I inherited my grandfather’s typewriter from my mom. The longer (unverified) story is that my great-grandfather (Ynocencio, my maternal grand mom’s dad) worked in an import company in Buenos Aires (Palmer & Co.) and there was a fire in a warehouse. Everything was destroyed, and among those unfortunate items was a batch of typewriters. My great-grandfather was a handyman, so he salvaged pieces from one machine and another and built this one that is sitting next to me:
Somehow, it ended up in my mom house. And it was the machine my grandfather (Eugenio, my mom’s dad) used to write his poems, stories, and essays.
My mom would always tell me about how Eugenio would stay late, writing (like I’m doing now). The sound of the keyboard piercing through the night.
For a few years, it was lost. It had been sent for repairs, and never reclaimed. I had been fascinated by my grandfather’s writing, so I asked my mom and dad about the typewriter. My father remembered the old address of the mechanic, so one afternoon we drove there, and ….voila! There he was. The old mechanic, still alive. And yes, he had the old typewriter. Recovered from oblivion for the second time.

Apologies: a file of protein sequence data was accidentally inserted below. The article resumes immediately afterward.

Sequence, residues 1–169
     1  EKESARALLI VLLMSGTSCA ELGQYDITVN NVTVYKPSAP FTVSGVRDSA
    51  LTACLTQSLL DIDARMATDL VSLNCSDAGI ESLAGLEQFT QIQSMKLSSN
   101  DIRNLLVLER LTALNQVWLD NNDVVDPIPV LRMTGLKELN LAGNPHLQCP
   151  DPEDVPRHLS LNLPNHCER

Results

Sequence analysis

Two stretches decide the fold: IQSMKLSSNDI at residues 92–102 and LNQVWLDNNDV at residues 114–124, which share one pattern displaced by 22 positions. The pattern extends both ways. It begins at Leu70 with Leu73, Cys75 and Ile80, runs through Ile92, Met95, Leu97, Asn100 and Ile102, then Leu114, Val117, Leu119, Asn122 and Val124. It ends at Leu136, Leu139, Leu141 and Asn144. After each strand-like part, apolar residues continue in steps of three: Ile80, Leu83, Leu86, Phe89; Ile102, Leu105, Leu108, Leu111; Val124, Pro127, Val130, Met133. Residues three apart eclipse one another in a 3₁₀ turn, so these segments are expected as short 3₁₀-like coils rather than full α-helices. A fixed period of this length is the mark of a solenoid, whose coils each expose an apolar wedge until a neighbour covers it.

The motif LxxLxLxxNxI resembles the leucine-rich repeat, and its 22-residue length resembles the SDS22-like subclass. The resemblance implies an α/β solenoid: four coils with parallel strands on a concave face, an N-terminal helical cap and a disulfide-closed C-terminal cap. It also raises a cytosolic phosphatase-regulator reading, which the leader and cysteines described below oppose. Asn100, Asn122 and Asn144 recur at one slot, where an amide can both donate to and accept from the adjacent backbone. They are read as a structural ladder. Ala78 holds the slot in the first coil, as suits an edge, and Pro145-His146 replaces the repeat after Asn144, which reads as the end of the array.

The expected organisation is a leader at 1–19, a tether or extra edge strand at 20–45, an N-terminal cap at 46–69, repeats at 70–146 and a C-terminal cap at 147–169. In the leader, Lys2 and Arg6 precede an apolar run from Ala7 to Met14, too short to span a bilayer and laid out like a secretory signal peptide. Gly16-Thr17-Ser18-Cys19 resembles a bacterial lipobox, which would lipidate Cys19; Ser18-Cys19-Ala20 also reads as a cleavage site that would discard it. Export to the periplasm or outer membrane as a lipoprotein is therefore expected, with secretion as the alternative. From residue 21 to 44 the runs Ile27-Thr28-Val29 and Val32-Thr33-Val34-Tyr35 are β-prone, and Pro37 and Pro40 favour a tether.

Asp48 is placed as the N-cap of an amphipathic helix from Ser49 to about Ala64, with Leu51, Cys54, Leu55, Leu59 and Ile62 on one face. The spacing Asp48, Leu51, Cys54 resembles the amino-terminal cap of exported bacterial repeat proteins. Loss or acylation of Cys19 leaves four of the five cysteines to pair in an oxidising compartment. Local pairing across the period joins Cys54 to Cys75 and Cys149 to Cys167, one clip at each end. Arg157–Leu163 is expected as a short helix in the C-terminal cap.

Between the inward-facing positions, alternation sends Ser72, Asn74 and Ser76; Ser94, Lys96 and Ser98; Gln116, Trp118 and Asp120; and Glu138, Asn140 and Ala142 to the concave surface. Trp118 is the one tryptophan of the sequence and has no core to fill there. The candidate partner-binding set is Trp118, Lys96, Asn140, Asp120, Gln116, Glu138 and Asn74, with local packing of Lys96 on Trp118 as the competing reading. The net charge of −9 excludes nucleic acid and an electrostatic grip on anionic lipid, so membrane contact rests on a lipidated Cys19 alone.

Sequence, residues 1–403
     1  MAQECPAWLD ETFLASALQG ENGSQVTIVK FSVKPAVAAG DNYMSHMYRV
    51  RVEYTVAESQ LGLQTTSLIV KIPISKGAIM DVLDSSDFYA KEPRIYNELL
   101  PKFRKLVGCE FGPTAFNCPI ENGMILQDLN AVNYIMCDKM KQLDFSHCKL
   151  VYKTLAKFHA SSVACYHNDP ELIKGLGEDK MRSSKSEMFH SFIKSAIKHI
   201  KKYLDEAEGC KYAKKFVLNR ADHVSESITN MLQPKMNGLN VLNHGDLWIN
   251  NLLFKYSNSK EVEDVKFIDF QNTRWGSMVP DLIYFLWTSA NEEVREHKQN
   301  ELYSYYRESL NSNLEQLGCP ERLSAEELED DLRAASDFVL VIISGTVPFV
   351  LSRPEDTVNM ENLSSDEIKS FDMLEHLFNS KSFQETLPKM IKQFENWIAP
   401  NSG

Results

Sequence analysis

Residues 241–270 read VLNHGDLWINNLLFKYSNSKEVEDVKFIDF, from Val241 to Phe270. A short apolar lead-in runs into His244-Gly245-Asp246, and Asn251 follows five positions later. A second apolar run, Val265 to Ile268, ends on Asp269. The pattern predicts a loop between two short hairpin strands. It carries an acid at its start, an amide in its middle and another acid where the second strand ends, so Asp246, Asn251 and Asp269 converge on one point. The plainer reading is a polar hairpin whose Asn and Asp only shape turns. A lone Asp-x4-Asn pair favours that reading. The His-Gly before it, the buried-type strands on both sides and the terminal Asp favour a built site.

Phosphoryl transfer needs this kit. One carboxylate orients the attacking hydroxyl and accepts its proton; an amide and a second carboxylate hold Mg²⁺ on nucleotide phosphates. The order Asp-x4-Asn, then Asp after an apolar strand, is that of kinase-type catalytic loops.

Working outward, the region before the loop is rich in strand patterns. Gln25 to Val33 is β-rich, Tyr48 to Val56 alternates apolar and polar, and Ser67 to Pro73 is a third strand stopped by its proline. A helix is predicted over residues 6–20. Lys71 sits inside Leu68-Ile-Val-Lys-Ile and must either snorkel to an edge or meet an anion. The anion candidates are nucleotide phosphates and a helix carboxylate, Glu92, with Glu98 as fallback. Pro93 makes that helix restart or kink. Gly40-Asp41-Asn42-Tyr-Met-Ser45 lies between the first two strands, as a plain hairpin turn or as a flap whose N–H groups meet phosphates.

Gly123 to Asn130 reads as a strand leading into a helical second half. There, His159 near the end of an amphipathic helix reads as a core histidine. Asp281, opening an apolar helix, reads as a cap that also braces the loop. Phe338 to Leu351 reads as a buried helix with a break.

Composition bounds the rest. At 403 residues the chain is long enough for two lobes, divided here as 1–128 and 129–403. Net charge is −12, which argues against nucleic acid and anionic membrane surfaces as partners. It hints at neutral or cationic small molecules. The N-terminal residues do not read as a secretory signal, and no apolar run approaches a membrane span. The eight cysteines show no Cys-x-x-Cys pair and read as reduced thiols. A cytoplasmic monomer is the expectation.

In late 2017 I went to Buenos Aires, visited my parents, and my mom decided to give me the typewriter. And I brought it home. I changed the ink spools (that I got from Amazon), and here we are, writing this.
The machine has no visible marks or brands, so I decided to do some research. Remington was my first guess, and after some googling, I found a perfect match for it: it is a Remington Portable Model 1. Some more research led me to the Typewriter Database. And after some cleaning, I found the serial number: NV87148:
Turns out, our adventurous typewriter is 90 years old, was born in July 1928:
- N: Model 1
- V: July
- 8: 1928
- 7148th machine built that month
It still works perfectly, and perhaps more amazingly its keyboard is highly compatible with its distant cousin in the future, one reason I can type (almost) as fast and double as loud.